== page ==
Washington is gridlocked. But nothing in Washington is as gridlocked as the Federal Election Commission. That includes party planning. This year is the 40th anniversary of the FEC, which was founded in the wake of Watergate. In figuring out how to mark the occasion, officials past and present argued about whether to rent a theater, whether to publish a report, whether to serve bagels or doughnuts, and whether, in fact, the agency even had an anniversary worth noting. “Actually, the FEC isn’t really 40, having been declared unconstitutional not once but twice, first in 1976, and as recently as 1993,” said Don McGahn, who served as a Republican commissioner from 2008 to 2013. “So, having turned 21, it is barely old enough to drink.”
Regulating elections is a pretty partisan business and the FEC is often at loggerheads over how to regulate money in politics. Making matters worse, the FEC, unlike other federal agencies, was structured to be equally divided between Republicans and Democrats, three apiece, and the commissioners often deadlock.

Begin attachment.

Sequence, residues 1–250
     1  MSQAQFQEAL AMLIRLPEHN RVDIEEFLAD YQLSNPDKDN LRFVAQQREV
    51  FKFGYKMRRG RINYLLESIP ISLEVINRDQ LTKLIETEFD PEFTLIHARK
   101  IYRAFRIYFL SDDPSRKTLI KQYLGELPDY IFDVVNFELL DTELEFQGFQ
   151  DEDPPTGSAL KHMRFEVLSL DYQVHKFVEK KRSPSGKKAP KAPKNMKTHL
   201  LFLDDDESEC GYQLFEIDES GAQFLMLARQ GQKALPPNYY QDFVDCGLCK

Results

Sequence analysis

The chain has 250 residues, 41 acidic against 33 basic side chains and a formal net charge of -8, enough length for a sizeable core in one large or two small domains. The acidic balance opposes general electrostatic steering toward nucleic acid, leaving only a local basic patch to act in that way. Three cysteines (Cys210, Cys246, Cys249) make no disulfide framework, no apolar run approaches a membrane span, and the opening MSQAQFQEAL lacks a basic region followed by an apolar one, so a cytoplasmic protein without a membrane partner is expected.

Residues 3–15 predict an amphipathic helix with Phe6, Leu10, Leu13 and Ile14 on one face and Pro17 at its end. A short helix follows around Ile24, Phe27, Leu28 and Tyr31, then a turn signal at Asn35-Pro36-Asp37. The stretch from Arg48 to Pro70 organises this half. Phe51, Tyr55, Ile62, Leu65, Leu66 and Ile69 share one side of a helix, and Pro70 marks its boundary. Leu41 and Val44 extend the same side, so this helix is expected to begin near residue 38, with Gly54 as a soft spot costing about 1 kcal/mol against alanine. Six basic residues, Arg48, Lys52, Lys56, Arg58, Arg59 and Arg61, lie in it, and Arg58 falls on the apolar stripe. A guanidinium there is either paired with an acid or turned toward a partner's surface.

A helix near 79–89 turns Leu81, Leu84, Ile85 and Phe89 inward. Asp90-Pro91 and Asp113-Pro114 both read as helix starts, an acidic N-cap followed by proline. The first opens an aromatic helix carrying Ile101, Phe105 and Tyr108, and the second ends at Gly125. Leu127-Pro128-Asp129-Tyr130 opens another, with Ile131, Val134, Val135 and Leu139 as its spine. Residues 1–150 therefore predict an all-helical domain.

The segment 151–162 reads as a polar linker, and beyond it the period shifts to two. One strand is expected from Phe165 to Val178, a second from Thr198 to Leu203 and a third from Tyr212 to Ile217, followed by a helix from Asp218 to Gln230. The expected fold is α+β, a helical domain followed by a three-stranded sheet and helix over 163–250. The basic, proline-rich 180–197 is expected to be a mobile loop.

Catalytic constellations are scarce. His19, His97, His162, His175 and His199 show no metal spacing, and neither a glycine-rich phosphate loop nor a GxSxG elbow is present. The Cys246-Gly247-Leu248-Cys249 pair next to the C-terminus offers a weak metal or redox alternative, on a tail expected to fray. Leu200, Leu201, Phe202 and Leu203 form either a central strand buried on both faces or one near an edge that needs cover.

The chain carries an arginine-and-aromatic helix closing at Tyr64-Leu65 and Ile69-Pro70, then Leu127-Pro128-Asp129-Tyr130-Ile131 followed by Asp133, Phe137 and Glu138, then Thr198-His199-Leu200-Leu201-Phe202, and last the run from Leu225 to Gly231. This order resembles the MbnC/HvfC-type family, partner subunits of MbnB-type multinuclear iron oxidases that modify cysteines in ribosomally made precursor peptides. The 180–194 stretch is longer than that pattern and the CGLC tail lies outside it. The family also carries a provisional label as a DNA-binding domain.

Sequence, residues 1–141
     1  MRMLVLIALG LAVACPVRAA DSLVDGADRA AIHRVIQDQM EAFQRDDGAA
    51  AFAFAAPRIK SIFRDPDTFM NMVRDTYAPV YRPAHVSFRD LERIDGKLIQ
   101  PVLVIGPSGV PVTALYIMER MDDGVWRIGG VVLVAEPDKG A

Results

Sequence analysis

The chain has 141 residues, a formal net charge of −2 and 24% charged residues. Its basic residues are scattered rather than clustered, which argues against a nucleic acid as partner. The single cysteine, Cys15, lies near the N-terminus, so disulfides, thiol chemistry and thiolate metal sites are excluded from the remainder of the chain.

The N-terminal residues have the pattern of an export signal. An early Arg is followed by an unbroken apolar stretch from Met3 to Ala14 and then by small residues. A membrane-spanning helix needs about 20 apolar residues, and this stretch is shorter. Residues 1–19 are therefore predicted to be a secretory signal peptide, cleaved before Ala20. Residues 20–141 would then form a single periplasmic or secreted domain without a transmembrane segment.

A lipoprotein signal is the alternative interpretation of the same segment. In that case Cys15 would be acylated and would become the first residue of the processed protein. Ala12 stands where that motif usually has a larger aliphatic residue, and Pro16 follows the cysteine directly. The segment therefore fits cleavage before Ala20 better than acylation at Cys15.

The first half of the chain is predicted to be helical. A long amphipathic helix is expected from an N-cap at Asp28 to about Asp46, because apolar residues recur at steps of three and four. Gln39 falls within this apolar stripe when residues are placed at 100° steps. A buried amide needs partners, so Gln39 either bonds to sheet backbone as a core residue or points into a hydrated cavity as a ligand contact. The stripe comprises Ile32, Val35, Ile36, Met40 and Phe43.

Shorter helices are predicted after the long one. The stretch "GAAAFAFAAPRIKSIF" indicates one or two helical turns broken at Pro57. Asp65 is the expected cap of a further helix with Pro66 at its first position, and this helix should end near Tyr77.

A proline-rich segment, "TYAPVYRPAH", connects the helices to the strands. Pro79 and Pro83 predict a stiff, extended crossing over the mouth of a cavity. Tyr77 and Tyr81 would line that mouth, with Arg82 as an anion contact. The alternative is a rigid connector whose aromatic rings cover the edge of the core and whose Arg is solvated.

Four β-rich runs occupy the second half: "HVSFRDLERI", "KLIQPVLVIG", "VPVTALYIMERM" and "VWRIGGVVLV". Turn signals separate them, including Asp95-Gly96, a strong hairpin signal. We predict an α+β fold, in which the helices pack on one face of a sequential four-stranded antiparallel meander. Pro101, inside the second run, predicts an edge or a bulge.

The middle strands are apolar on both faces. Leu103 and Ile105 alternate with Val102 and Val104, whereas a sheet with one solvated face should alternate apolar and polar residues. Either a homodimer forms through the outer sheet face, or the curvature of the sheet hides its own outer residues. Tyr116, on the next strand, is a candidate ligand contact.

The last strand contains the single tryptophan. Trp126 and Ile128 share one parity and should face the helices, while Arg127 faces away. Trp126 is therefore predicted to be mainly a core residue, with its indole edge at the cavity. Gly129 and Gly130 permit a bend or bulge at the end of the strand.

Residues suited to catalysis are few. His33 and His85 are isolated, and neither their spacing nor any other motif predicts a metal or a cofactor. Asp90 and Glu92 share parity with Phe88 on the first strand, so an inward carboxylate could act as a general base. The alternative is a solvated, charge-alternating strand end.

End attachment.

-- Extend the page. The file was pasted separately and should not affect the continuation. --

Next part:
… Planning a party at any government agency can be a challenging task. Even ordering pastries for the event required a consultation with government attorneys, to make sure the plans complied with ethics standards.
The decision about whether to serve bagels or doughnuts revolved around which one was healthier, Ms. Ravel recalled, although she expressed some doubt as to whether there was much difference between them. In the end, the question of the snacks became one shining moment of compromise: Instead of choosing between bagels and doughnuts, they served both.